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Non-equilibrium phase separation with reactions

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If you have a question about this talk, please contact Dr Christoph Schran.

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Materials undergoing both phase separation and chemical reactions form an important class of non-equilibrium systems. Examples range from suspensions of self-propelled bacteria with birth-death dynamics, to bio-molecular condensates, or ‘membraneless organelles’, within cells. In contrast to their passive counterparts, such systems have conserved and non-conserved dynamics that do not, in general, derive from a shared free energy. This mismatch breaks time-reversal symmetry and leads to new types of dynamical competition that are absent in or near equilibrium. We construct a canonical scalar field theory to describe such systems, with conserved and non-conserved dynamics obeying Model B and Model A respectively (in the Hohenberg-Halperin classification), chosen such that the two free energies involved are incompatible. The resulting minimal model is shown to capture the various phenomenologies reported previously for more complicated models with the same physical ingredients, including microphase separation, limit cycles and droplet splitting. We find a low-dimensional subspace of parameters for which time-reversal symmetry is accidentally recovered, and show that here the dynamics of the order parameter field (but not its conserved current) is exactly the same as an equilibrium system in which microphase separation is caused by long-range attractive interactions.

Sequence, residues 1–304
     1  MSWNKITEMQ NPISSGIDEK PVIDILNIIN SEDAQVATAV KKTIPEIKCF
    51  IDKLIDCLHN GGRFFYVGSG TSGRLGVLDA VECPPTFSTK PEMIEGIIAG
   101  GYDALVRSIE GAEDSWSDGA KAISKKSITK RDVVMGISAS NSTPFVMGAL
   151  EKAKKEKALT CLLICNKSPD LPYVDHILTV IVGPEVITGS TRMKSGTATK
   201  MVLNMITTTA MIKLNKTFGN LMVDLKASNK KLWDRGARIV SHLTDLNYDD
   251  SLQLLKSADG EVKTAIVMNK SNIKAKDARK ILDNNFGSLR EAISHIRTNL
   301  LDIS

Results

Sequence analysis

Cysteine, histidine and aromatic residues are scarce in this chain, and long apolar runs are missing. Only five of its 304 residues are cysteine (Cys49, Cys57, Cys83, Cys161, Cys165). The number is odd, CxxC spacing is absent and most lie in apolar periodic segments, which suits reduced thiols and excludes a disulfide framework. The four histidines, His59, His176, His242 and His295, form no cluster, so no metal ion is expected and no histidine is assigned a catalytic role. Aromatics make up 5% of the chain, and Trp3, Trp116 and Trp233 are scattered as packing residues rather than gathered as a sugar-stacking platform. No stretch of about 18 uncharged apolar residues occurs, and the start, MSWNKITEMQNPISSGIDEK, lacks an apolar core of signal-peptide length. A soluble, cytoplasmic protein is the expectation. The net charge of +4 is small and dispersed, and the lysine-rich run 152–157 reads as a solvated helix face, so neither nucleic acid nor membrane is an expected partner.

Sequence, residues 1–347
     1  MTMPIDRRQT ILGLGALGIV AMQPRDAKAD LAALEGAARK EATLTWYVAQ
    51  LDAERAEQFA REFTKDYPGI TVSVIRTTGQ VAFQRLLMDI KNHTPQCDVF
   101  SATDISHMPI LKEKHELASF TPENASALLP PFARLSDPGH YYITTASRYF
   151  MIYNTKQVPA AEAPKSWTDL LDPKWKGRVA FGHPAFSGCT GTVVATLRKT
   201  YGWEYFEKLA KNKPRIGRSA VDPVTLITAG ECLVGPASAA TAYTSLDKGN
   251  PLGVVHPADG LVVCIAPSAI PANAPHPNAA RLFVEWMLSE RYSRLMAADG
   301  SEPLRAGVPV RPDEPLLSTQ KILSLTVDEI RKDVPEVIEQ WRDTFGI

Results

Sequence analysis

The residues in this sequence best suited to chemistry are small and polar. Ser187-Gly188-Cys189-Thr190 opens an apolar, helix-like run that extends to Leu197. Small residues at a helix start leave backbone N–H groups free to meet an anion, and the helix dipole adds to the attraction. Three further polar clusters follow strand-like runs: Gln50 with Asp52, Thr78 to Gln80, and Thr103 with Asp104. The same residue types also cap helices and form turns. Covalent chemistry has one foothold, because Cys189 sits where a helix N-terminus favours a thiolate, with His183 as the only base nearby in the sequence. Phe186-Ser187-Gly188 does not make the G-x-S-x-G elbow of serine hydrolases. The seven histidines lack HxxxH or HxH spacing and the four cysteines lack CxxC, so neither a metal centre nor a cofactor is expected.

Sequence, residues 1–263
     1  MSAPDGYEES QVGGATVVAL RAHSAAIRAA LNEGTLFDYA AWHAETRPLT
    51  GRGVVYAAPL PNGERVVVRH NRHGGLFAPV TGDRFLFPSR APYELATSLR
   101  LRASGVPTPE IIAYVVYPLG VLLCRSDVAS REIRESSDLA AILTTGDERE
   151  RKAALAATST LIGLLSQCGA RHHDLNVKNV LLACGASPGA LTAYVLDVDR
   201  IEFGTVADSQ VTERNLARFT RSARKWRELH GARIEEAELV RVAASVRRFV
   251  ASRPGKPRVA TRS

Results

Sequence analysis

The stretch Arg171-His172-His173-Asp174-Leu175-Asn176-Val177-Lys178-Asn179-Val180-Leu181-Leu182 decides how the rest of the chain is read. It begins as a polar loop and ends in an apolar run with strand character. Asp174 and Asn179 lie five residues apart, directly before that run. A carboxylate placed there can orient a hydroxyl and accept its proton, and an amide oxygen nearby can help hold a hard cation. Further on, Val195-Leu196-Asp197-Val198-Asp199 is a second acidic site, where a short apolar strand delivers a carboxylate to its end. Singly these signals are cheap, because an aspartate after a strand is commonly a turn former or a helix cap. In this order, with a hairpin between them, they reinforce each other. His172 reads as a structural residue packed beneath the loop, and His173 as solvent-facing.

This talk is part of the Lennard-Jones Centre series.

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